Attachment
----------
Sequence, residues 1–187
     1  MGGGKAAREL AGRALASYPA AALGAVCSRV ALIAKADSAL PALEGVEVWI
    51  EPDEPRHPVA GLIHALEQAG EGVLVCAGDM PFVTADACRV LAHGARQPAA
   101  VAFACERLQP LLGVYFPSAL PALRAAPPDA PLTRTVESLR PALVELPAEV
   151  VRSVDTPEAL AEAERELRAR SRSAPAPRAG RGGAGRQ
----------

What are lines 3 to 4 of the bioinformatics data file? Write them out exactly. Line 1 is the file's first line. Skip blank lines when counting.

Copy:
    51  EPDEPRHPVA GLIHALEQAG EGVLVCAGDM PFVTADACRV LAHGARQPAA
   101  VAFACERLQP LLGVYFPSAL PALRAAPPDA PLTRTVESLR PALVELPAEV